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(Last updated 2/1/02)

Previous stories pertaining to Professor Epstein's research:

RESEARCHERS DEVELOP WORLD'S FIRST LIGHT-TUNABLE "PLASTIC" MAGNET

COLUMBUS, Ohio -- Low-cost, flexible electronics and better computer data storage might result from the world's first light-tunable plastic magnet, just developed at Ohio State University.

Arthur Epstein

With colleagues at the University of Utah, researchers here developed a plastic material that becomes 1.5 times more magnetic when blue light shines on it. Green light partially reverses that effect.

Although possible applications are years away, this technology could one day lead to a magneto-optical system for writing and erasing data from computer hard drives.

While other scientists have developed plastic magnets, and yet others have developed light-responsive magnets, this is the first material to marry both technologies into one -- and at record-high temperatures, explained Arthur J. Epstein, professor of physics and chemistry and director of Ohio State's Center for Materials Research.


Researchers think the different wavelengths of blue and green light cause the TCNE molecules to change shape in different ways.


The magnet functions up to a temperature of 75 Kelvin (about minus 200ºC, or minus 325ºF). This temperature, which approaches
that of today's "high-temperature" superconductors, is a key factor for enabling commercial applications for the technology.

The magnet resulted from a 25-year collaboration between Epstein and Joel S. Miller, professor of chemistry at the University of Utah. They describe the magnet in the current issue of the journal Physical Review Letters, in a paper coauthored with Dusan Pejakovic, a doctoral student in physics at Ohio State, and Miller's former graduate student Chitoshi Kitamura, now at the Himeji Institute of Technology in Japan.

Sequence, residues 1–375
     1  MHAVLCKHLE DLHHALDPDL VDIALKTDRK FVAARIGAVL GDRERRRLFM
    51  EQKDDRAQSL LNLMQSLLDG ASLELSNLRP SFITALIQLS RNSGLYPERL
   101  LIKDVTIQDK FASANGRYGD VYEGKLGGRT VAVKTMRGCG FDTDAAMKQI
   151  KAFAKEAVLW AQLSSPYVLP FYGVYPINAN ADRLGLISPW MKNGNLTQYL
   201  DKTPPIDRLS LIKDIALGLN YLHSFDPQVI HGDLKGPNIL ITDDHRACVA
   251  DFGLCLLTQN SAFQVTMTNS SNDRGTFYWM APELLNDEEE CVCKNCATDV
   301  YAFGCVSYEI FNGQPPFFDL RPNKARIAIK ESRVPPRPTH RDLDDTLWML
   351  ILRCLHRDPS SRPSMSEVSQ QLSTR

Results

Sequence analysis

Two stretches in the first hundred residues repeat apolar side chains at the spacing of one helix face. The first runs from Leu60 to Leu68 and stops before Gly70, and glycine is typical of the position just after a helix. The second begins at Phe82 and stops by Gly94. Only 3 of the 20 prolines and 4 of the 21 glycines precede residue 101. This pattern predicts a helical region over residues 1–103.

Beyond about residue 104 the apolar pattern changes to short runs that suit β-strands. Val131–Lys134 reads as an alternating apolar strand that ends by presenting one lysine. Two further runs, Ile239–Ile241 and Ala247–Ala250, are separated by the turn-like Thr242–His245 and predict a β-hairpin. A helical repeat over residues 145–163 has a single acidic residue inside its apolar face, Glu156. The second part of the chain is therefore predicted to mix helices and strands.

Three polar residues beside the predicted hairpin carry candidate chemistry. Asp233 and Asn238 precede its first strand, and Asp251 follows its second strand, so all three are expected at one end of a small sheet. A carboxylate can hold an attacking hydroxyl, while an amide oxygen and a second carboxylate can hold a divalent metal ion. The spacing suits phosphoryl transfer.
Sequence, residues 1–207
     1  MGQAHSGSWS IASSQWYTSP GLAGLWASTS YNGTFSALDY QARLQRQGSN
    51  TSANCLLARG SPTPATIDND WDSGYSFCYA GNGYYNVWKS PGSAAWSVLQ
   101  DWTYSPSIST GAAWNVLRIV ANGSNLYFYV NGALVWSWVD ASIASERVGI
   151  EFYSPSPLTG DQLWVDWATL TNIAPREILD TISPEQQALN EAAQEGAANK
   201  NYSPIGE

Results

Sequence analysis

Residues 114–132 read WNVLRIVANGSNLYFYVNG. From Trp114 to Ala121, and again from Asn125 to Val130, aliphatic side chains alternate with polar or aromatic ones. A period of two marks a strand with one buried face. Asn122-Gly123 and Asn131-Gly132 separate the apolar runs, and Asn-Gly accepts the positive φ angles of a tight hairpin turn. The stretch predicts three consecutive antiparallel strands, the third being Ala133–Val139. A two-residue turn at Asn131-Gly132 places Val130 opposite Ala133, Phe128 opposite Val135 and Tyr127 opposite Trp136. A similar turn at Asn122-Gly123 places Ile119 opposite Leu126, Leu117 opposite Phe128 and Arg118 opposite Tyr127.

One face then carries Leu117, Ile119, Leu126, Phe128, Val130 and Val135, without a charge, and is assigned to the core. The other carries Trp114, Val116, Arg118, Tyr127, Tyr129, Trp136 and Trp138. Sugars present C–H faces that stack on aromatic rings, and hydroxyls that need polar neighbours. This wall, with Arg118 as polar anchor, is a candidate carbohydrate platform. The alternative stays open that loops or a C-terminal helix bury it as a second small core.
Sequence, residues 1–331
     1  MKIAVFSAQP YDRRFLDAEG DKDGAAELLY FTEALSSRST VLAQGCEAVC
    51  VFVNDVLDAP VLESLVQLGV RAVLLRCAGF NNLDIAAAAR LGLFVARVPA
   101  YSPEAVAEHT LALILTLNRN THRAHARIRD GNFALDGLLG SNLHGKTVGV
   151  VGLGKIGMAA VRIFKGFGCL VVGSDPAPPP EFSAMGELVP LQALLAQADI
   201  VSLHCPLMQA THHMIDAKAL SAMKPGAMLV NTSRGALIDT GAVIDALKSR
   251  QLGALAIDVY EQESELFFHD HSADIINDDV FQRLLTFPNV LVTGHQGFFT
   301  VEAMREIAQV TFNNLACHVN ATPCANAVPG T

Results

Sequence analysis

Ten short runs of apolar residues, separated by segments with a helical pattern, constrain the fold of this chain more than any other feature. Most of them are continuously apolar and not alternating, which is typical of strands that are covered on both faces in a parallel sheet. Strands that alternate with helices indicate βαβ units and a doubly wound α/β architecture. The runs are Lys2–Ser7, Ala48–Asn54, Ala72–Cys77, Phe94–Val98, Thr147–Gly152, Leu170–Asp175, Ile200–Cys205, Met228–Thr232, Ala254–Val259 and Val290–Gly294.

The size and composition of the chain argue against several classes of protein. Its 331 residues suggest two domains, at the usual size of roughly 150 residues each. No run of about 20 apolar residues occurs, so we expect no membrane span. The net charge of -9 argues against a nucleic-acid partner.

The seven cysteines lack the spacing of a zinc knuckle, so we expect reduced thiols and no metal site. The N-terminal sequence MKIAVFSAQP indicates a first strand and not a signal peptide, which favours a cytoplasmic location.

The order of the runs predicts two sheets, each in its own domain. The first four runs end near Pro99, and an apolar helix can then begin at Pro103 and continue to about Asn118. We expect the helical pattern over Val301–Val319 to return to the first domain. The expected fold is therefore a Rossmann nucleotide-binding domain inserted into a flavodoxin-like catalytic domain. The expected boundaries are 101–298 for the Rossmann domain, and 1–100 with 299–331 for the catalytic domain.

Though the working temperature of the magnet is very cold, it represents an important first step toward future light-based forms of electronics, Epstein said.

"Now that we've proven it's possible to make a light-tunable magnet out of an organic, or 'plastic,' material, we can use what we know about organic chemistry to further improve its properties," Epstein said. "We may someday even be able to improve it to the point that it works at room temperature."

The plastic magnet is made from a polymer comprised of tetracyanoethylene (TCNE) combined with manganese (MN) ions -- atoms of the metal manganese with electrons removed.

Epstein and his colleagues deposited the Mn-TCNE powder into a thin film. After they "charged" the material with an initial six-hour dose of blue laser light, the magnet maintained a higher degree of magnetism -- 150 percent of its normal level -- even in the dark.

Green laser light reversed the effect somewhat, by decreasing the material's magnetism to 60 percent of its normal level.

Why would light have this effect? The researchers think the different wavelengths of blue and green light cause the TCNE molecules to change shape in different ways.

"Once one molecule in the magnet locks into a different shape, its magnetism changes, and it encourages its neighbor molecules to change shape, too," Epstein explained.

Worldwide, scientists and engineers are working to develop computer data storage based on light and magnetics. Theoretically, such magneto-optical systems would work faster and much more efficiently than traditional electronics. A light-tunable magnet would be a critical component, because it would allow computers to write and erase data magnetically.

Because the new magnet works at temperatures up to 75 Kelvin, it could one day be employed in a device that was cooled by a refrigerator or by liquid nitrogen. Today, liquid nitrogen costs less per gallon than milk -- roughly $2. Manufacturers that bought it in bulk would pay even less.

But such applications are years away, said Epstein. "We'd like to see the magnet work at higher temperatures before we talk about commercial development," he said.

He his colleagues are now trying to improve the magnet by exploring different chemical compositions.

The Air Force Office of Scientific Research and the United States Department of Energy funded this work.

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Contact: Arthur J. Epstein, (614) 292-1133; Epstein.2@osu.edu
Written by Pam Frost Gorder, (614) 292-9475; Gorder.1@osu.edu